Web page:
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Audit of StatoilHydro – follow-up of incidents

Audit: The Petroleum Safety Authority Norway (PSA) conducted an audit of StatoilHydro's (SH's) follow-up of incidents during the period 5 May – 6 June 2008. The audit revealed one nonconformity in relation to the regulatory requirements and two instances with a potential for improvement.

The basis for our investigation was the incident on West Epsilon in 2007 and the incident on Statfjord C in 2005. The audit was conducted as a review and included interviews of key personnel, a review of relevant governing documents and the investigation reports from the two incidents.

Background for the audit
The background for the audit was, in part, our objective of obtaining an overview of the HSE level on the Norwegian shelf. The regulations stipulate the operator's responsibility to ensure that any occurring hazard and accident situations are recorded and investigated, and followed-up to prevent them from happening again.

Purpose of the audit
The purpose of the audit was to clarify which requirements and routines had been established in SH to follow up results from investigation of incidents, both locally and across the company. We also concentrated on clarifying how the company ensures that the weaknesses and defects identified in an investigation are communicated to other parts of the company as lessons learned.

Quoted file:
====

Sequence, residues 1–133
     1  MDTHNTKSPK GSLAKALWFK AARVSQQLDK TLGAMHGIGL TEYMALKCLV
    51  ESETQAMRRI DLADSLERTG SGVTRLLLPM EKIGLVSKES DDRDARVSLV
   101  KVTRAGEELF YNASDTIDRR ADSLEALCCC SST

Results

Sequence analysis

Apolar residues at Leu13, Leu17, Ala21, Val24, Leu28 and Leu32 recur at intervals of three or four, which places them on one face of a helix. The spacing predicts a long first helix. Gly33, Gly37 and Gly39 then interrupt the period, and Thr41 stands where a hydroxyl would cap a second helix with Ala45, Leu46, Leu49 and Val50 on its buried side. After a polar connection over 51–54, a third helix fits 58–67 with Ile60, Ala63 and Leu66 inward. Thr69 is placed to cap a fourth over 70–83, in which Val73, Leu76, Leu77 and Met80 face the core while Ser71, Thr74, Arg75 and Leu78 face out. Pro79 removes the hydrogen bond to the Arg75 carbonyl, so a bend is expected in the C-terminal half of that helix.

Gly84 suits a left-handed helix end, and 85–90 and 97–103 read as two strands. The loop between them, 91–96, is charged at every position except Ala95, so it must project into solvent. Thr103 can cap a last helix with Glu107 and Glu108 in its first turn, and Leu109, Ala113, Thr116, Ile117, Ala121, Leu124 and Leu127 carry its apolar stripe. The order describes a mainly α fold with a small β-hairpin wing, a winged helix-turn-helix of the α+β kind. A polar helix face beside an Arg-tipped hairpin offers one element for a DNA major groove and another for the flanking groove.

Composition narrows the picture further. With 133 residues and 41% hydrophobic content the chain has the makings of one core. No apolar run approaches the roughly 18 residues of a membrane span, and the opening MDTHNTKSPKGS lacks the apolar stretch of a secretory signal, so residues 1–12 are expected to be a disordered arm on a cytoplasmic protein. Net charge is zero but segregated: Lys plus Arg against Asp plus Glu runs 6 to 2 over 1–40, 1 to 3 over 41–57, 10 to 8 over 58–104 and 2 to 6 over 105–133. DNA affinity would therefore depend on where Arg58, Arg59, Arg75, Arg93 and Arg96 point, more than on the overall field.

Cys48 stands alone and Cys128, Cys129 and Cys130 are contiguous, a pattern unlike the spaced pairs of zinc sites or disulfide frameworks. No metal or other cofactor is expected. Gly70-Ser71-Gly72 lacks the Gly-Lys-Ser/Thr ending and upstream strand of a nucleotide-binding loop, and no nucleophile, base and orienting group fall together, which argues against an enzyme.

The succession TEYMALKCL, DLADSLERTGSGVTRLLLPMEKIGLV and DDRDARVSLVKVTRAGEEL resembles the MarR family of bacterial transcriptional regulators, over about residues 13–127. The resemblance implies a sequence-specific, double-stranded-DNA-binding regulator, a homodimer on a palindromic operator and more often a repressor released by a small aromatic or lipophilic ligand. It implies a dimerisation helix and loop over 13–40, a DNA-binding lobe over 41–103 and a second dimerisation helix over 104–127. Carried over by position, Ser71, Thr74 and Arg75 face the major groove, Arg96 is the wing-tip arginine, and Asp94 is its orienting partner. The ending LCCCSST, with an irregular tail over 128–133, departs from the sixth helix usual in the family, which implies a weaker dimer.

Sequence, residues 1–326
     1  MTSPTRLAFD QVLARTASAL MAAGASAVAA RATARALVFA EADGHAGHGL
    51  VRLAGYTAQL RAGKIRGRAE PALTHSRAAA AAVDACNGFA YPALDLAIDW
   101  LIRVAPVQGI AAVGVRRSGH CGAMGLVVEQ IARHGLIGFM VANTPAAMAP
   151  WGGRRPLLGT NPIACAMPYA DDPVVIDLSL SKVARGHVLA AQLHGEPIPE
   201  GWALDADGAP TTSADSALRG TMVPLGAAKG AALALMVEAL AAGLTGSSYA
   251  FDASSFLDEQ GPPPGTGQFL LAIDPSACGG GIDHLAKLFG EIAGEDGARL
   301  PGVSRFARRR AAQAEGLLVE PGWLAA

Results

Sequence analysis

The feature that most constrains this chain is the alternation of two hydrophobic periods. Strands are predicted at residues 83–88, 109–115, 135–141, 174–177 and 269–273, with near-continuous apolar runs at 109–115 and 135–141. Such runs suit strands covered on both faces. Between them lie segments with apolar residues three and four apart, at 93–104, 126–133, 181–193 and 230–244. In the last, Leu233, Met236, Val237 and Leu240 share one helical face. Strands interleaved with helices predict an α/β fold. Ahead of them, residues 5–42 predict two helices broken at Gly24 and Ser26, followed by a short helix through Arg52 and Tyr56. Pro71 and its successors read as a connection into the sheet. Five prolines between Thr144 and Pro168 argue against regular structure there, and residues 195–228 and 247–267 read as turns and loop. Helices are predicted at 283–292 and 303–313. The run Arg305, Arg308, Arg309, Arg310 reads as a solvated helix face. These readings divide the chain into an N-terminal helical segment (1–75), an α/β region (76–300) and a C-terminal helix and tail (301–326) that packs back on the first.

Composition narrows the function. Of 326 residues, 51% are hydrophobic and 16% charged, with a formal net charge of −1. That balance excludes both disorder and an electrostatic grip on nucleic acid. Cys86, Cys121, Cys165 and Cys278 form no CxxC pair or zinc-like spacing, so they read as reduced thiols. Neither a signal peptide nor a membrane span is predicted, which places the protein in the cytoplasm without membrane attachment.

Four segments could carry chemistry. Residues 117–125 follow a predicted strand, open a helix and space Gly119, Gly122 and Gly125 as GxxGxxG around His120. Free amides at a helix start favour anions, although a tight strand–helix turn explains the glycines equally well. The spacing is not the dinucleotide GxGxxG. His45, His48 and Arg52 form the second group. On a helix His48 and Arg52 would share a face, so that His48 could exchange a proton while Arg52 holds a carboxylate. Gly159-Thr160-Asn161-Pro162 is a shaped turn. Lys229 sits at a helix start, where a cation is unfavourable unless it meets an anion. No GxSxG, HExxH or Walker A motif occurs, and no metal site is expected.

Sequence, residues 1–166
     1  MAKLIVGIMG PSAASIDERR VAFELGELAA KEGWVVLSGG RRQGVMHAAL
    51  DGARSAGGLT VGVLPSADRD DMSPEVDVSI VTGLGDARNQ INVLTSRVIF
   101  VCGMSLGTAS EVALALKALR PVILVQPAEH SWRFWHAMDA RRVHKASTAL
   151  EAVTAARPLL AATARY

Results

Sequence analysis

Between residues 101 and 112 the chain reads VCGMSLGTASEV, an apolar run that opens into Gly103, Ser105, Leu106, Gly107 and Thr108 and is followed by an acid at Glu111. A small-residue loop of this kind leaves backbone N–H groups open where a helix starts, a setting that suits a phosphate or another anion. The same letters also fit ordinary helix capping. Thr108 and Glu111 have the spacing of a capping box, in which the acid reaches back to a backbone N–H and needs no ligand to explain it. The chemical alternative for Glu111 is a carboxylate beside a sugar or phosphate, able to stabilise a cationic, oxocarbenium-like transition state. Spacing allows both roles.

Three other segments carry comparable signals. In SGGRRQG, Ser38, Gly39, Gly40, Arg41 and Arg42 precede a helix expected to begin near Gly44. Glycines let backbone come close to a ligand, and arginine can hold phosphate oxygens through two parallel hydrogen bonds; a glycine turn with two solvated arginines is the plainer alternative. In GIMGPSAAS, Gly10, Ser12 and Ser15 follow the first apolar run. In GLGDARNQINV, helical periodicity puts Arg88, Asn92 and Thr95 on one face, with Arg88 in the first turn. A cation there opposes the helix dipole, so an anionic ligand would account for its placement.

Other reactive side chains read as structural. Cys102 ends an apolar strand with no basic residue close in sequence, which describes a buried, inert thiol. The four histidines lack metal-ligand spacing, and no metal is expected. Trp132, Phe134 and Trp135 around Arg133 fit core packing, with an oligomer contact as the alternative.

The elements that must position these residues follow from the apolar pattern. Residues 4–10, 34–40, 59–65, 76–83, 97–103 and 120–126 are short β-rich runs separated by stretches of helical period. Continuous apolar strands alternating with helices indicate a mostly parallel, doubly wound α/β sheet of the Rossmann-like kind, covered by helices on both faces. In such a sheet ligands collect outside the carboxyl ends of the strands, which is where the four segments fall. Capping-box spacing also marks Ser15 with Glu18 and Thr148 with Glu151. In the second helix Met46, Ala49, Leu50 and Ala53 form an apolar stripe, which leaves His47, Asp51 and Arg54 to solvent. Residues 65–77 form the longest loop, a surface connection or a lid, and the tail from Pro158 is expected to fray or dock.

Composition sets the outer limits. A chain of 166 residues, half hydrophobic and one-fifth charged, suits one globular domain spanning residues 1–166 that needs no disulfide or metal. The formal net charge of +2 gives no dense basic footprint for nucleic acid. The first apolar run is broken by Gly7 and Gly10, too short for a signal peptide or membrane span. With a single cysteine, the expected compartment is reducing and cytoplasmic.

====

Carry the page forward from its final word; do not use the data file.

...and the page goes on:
Furthermore, it is was our intention to review how lessons learned from the various investigations were followed-up and implemented throughout the organisation.

In order to obtain a good picture of the company's follow-up of these types of incidents, two incidents relating to drilling and well activities in different units were selected, and relevant personnel both locally and centrally were interviewed for follow-up.  

Result of the audit
Although we identified one nonconformity and two issues for improvement during the audit, the audit reveals that SH takes the follow-up of incidents seriously. The recently established system for follow-up of safety flashes and increased use of verifications to ensure satisfactory implementation, compliance and closing of actions can contribute to better quality and follow-up of incidents.

The company's system for following up and closing actions after incidents does not sufficiently safeguard the regulatory requirements; nor does it take into account SH's own requirements for ensuring improvement and preventing reoccurrence of incidents. We have also pointed out potential improvements relating to analyses conducted of incidents and the established system for lessons learned in the company.